Thursday, April 20, 2017

Superhero Media: Batwoman - Elegy

After reading 52, I was keen to see some more Batwoman, and dove straight into Elegy, a truly beautiful, high-concept crime thriller by Greg Rucka and J.H.Williams III; but it wasn't quite what I'd hoped. Yes, the artwork is some of the best I've seen in years, the writing was some of Rucka's best and the characters were compelling, but there were a couple of bows to genre tropes that resulted in unfortunate cliches, tarnishing the brilliance. The first was the villain being a postmodern take on Alice's Adventures in Wonderland, going so far as to only communicate in quotes from the novel and, of course, Through the Looking Glass, whilst being hyper-sexualised. Thankfully "Alice" is an adult and not the underage would-be rape victim of Lewis Carroll; seriously, if people were actually aware of the biographical details behind the Alice books, they'd stop presenting them to children. Secondly, Alice turns out to be the long-lost twin sister of Batwoman, a cliche so old, it's mummified. 

A friend saw Elegy sitting on a cabinet in my house (that's another thing, can we stop doing Opera tropes for Batman now? Dark Knight Returns was 30 years ago) and had a bit of flip through. She made the comment that the character looked more interesting than the current crop of DC/WB films and asked about the odds of a film. I replied that given the protagonist was queer, dropped out of West Point on a "don't ask, don't tell" complaint and lives with her sexuality in the open for everyone to see. I can't think of a character less likely to get their own film, except maybe Batwoman's on-again-off-again girlfriend, The Question. If it seems like I'm avoiding the story, that's only because it's pretty basic; there's a fight between Alice and Batwoman, Alice escapes and then we flash back for a few issues to get the origins story. It's well-written, but, again, falls into cliche too often.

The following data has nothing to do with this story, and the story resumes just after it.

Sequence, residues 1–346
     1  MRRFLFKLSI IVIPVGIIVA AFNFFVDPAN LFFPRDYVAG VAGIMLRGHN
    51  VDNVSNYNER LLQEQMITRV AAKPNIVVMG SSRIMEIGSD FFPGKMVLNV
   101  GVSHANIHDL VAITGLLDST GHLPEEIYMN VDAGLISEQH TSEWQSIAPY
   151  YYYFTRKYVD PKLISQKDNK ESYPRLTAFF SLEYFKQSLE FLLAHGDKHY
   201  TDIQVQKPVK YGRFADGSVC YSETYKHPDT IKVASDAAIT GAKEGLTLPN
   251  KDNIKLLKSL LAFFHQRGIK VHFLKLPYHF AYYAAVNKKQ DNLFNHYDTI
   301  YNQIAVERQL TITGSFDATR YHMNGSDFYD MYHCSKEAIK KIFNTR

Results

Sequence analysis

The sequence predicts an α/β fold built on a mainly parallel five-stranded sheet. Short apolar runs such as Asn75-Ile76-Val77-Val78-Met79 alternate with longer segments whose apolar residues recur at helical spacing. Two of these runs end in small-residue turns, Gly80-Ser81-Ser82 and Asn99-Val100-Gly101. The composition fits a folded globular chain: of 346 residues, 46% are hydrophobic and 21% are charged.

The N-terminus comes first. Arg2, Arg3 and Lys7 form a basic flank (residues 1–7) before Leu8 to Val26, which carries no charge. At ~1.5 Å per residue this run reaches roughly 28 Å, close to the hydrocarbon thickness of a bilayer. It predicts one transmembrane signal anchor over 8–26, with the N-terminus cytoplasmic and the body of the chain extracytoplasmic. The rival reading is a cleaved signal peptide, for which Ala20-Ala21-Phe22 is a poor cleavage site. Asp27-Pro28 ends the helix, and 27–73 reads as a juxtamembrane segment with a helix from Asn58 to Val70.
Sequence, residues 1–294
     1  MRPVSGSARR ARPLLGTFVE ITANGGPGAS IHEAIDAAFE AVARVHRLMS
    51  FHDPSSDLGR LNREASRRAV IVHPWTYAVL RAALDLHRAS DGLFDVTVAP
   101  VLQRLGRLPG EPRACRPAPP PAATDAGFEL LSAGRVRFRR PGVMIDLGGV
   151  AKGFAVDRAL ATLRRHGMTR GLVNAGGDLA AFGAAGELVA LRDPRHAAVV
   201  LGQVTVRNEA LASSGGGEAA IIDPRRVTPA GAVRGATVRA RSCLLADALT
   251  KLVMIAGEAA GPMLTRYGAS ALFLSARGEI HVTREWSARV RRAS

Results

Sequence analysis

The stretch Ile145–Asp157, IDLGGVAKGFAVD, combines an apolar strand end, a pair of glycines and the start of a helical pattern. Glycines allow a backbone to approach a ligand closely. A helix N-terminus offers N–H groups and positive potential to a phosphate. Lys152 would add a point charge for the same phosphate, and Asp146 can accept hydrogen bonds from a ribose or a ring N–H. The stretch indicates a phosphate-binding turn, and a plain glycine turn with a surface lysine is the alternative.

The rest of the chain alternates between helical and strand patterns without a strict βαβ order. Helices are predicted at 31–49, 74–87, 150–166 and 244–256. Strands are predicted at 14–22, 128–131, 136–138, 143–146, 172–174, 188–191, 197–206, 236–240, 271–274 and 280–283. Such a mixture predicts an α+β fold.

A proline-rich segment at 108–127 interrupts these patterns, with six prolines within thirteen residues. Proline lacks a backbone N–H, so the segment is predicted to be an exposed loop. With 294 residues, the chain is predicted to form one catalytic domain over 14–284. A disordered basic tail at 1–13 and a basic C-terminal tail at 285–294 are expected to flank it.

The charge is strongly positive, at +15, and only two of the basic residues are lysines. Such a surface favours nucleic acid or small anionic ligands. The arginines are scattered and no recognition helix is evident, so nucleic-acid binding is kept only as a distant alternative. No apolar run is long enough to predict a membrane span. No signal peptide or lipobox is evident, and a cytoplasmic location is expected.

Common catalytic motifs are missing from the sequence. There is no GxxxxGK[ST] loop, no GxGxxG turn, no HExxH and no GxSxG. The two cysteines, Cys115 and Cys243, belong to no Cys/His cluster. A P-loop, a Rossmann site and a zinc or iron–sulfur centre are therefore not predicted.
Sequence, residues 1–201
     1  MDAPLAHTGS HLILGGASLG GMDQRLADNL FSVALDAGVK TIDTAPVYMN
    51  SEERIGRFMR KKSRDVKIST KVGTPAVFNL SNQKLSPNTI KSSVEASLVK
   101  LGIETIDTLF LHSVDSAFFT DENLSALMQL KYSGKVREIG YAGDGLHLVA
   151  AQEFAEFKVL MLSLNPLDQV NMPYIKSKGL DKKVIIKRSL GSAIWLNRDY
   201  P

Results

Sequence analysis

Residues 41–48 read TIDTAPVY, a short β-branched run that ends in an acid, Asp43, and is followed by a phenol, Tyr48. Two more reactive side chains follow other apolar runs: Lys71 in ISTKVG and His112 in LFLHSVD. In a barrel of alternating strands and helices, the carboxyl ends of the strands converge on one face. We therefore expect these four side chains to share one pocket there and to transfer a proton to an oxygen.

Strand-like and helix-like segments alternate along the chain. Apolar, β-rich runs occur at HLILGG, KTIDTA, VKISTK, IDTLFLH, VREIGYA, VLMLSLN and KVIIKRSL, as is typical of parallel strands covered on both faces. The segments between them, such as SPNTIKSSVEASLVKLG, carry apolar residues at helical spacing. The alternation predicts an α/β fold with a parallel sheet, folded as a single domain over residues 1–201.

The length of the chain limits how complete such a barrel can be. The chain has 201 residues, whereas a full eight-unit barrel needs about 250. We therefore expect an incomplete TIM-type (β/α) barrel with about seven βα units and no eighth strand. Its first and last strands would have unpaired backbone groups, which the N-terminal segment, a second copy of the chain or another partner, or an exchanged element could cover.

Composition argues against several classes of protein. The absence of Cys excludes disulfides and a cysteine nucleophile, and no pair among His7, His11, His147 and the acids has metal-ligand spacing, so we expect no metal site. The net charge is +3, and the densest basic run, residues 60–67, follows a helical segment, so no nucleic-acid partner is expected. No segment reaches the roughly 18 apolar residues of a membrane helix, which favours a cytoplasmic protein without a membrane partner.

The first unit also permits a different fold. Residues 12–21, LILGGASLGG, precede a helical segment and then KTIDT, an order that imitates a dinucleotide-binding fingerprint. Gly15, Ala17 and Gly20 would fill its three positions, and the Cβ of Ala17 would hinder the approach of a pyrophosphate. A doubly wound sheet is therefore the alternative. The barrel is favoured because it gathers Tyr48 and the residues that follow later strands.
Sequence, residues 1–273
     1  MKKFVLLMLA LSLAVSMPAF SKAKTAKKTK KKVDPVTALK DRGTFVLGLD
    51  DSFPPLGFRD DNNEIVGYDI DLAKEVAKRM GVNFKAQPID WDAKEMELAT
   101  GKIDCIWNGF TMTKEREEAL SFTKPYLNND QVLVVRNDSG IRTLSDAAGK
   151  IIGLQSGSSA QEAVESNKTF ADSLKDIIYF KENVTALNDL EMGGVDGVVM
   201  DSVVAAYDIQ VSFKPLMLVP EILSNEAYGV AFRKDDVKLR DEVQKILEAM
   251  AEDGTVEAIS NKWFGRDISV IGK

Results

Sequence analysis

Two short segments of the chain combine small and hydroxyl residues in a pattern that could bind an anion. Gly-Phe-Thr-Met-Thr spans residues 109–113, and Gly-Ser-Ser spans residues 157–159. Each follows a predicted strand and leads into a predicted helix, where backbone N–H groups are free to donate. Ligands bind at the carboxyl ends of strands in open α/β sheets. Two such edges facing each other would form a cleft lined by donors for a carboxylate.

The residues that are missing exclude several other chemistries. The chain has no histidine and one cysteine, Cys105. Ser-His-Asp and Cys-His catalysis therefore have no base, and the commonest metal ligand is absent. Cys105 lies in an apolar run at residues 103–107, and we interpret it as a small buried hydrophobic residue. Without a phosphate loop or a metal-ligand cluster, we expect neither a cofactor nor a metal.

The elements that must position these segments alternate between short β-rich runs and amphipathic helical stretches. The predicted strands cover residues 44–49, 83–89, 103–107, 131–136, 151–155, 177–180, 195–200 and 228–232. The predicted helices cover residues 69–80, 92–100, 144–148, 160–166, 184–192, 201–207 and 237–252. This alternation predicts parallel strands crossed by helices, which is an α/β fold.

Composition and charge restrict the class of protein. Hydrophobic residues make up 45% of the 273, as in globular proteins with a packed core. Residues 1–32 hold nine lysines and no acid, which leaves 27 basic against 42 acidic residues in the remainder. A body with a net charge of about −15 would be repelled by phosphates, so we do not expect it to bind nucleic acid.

Batwoman, if treated with the kind of care and attention DC don't seem to bother with too much these days, could be a flagship title for the company. I always enjoy different takes and perspectives on Gotham and the scenes where Batwoman calls Batman on his shit are about 70 years in coming. After rereading Elegy, I'm really keen to do another 52 reading, just to get some more Batwoman action. Brilliant character, good read, but falls far short of where it could have been.

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